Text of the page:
BBC defend decision to send pocket-sized computers to every year 7 pupil

The head of BBC Learning has defended the decision to send around a million pocket-sized computers to pupils in the UK for free, despite facing cuts in its budget due to austerity measures.

The BBC micro:bit — a codeable computer that encourages children to “get creative” with technology —  was launched yesterday and will be given to every 11 or 12-year-old pupil from October.

Speaking to Schools Week after the launch, Sinéad Rocks, head of BBC Learning said that the cost of the project “has for the vast majority been funded by our other partners”.

“The BBC is playing the leading role in convening the partnership and probably only the BBC could do that at this scale and produce something that will have the kind of reach we are talking about.”

In total, the BBC has collaborated with 28 partners for the project including Barclays, Lancaster University, Microsoft and Samsung.

Ms Rocks added: “These companies are experts in this field, they are doing this kind of thing, albeit on a different scale and with different intentions, on a daily basis.

“For us, this has been a really new model of working. Rather than having to squeeze our own budgets in very financially restrictive times, we are able to bring what we bring best to the table: content, the power of convening and to work with others to create something that has never been attempted before at this scale.”

The BBC’s director general Tony Hall said the device should help tackle the number of children leaving school who do not know how to programme computers.

“We all know there’s a critical and growing digital skills gap in this country and that’s why it’s so important that we come together and do something about it,” he said at the launch event in London.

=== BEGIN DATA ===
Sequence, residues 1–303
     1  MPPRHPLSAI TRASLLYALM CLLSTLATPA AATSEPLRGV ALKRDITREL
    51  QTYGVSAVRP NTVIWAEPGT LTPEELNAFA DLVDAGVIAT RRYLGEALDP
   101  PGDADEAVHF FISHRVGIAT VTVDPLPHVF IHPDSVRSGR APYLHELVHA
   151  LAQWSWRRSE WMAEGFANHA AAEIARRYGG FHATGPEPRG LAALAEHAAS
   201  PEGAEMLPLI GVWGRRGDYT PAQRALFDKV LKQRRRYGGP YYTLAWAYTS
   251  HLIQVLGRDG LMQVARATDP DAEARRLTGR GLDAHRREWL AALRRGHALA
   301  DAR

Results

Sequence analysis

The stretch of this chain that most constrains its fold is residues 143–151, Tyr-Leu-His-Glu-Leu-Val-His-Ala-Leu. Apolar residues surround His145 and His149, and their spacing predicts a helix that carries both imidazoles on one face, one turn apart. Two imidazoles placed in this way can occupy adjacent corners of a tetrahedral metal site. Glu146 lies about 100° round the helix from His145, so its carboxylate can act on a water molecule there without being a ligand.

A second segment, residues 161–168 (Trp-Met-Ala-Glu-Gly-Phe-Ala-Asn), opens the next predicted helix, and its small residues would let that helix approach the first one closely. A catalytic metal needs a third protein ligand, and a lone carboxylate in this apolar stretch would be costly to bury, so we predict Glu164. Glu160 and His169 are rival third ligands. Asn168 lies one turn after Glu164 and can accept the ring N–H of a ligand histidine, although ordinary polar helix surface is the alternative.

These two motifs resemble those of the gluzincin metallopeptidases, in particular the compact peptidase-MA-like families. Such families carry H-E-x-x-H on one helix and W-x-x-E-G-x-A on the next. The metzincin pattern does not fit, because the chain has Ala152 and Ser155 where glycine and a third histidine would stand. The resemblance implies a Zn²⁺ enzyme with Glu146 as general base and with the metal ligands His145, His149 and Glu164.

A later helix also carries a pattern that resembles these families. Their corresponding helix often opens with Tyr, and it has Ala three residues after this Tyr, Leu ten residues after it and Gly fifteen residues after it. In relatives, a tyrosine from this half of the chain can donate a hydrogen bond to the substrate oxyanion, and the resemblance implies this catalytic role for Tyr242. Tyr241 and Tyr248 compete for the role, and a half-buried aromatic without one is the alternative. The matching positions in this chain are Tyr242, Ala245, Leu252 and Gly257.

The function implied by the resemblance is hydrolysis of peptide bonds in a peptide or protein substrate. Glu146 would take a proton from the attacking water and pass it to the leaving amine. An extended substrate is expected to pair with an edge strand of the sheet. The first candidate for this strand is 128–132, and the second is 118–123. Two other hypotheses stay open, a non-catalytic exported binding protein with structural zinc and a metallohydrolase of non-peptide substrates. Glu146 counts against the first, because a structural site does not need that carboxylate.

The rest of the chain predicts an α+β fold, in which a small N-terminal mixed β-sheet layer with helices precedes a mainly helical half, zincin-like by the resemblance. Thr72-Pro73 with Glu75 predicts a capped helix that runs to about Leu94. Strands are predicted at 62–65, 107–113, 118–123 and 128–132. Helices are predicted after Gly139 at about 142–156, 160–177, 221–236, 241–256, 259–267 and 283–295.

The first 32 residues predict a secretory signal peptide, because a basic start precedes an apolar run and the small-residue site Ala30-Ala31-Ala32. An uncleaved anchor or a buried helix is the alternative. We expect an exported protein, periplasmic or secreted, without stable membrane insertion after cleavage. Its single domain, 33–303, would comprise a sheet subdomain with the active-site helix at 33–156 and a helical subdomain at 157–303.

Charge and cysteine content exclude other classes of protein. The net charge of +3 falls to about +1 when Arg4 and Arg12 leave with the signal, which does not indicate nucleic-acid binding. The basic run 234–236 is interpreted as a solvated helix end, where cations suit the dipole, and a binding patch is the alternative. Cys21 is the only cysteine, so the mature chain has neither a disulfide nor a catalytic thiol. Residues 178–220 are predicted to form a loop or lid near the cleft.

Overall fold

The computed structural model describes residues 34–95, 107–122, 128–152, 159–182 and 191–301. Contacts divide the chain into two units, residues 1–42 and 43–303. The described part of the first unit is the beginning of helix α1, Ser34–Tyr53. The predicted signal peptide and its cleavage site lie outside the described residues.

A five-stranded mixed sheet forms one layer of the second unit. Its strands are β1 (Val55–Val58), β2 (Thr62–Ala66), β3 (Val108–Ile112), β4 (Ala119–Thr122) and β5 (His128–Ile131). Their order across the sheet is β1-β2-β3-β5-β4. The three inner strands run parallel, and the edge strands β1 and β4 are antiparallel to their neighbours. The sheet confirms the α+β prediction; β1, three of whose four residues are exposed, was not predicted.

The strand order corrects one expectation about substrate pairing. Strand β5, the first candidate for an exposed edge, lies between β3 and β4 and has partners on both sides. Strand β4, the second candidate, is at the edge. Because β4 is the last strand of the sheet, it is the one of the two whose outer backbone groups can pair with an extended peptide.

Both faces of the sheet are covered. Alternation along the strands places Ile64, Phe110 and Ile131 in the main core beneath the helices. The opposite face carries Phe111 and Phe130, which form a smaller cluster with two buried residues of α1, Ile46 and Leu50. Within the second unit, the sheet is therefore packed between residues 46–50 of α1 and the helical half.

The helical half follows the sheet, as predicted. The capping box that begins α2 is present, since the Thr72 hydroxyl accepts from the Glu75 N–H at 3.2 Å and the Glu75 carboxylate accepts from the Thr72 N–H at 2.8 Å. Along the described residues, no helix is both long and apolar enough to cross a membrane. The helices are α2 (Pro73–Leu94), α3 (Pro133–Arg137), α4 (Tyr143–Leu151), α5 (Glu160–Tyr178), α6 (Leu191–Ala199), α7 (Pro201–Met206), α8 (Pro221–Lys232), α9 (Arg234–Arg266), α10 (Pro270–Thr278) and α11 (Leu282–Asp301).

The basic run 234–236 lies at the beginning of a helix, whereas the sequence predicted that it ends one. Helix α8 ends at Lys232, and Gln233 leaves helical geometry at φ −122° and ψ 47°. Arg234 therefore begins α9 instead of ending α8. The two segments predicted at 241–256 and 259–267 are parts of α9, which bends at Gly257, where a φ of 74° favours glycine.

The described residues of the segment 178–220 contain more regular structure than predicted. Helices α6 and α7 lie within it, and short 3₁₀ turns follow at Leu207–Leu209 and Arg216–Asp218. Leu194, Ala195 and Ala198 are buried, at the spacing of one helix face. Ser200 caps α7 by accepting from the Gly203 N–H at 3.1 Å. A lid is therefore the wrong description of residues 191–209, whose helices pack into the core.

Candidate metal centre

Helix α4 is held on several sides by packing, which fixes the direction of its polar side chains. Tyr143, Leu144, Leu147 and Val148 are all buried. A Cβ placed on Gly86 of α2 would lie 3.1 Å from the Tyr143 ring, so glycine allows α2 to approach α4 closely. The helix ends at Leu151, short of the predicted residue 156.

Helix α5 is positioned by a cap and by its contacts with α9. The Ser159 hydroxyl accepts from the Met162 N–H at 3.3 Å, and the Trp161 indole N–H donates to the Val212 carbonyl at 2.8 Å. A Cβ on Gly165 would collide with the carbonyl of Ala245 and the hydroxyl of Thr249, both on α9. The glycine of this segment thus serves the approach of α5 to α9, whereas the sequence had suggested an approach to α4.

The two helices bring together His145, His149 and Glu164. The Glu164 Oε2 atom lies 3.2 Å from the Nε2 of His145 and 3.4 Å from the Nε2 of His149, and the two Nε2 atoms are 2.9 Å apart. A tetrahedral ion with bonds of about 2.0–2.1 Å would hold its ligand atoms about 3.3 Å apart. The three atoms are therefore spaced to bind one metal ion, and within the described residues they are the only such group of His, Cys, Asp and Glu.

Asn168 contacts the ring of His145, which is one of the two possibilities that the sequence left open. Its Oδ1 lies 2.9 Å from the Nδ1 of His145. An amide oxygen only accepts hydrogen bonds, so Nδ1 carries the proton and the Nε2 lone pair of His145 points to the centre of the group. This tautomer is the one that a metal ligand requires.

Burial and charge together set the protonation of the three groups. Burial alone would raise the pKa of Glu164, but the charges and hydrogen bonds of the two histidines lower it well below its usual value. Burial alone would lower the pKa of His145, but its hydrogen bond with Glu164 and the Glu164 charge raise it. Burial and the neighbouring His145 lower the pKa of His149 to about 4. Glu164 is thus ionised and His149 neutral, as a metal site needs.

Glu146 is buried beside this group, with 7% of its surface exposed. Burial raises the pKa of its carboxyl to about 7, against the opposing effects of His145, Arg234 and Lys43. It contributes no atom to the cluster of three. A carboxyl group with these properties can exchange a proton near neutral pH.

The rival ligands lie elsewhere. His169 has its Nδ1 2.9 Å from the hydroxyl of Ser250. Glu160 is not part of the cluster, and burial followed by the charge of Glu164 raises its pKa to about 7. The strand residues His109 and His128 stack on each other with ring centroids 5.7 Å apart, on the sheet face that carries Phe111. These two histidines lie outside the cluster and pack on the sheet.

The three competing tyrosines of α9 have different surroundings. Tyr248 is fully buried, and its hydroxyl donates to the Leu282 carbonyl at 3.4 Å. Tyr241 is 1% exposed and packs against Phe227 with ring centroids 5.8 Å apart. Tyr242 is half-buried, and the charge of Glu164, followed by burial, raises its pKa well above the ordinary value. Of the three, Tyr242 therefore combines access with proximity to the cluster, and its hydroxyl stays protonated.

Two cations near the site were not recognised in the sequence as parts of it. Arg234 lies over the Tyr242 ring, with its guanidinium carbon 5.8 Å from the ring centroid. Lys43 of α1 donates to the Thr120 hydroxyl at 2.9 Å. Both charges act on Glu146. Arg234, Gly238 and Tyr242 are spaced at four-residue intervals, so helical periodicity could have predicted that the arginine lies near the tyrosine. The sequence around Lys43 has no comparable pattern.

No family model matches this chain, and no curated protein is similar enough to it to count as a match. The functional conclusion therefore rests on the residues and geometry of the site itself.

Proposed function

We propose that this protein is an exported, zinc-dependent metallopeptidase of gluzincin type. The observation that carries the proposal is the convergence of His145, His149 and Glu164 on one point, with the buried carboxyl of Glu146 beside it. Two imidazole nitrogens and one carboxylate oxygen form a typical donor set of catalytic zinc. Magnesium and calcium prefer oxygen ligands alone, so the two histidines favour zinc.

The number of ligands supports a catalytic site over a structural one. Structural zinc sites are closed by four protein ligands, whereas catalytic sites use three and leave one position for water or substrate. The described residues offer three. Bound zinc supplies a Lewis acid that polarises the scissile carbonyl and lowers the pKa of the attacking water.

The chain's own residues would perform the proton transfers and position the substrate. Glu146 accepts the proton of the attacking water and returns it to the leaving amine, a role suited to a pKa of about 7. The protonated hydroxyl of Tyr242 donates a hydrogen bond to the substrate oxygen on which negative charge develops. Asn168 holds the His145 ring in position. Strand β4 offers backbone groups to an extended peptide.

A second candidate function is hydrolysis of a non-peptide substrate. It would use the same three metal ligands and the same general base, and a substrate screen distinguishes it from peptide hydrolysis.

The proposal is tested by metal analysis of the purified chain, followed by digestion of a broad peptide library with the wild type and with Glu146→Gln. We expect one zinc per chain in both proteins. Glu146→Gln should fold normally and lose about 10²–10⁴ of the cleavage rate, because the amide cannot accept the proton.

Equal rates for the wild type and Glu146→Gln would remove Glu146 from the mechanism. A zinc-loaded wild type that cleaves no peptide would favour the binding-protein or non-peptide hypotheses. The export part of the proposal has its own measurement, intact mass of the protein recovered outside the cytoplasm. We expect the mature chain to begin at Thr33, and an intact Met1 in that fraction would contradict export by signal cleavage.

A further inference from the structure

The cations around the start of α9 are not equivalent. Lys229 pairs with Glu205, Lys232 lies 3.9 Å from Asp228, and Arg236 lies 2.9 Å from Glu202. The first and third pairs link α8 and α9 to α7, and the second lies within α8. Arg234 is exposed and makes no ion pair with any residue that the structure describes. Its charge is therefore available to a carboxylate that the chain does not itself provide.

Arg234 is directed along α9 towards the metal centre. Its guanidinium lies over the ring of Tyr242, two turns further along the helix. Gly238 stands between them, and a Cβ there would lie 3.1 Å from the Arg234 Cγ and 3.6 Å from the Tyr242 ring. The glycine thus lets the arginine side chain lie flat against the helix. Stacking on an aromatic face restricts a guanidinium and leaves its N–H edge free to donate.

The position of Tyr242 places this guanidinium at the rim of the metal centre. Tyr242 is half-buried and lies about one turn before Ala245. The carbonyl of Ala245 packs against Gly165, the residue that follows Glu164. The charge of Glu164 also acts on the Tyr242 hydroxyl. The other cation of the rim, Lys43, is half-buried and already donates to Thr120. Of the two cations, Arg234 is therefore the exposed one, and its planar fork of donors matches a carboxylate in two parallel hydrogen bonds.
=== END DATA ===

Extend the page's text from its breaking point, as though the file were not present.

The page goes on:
The 4cm by 5cm device is the successor to the popular 1980s home computer, BBC Micro, and includes a Bluetooth antenna, USB plug and a processor, linked to a printed circuit board with a flashing LED display.

It is 18 times faster, 70 times smaller and 617 times lighter than its predecessor.

Pupils will be allowed to take home and keep the devices. A not-for-profit company will be set up by the BBC, along with its partners, which will license the micro:bit in order to provide more devices to children.

The micro:bit is being pitched as a complementary device, rather than a competitor, to the Raspberry Pi, Arduino and Galileo computers.

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  1. Embedded computing will become a greater and greater part of the way run our lives in a more energy efficient and sustainable way. As we move to renewable sources that are by definition intermittent, managing consumption becomes essential and programming these embedded computers to respond accordingly will be key. We are rolling out raspberry Pi devices to the schools we have installed free solar panels on, so that the schools can see in realtime not just what they are generating, but how much they are consuming.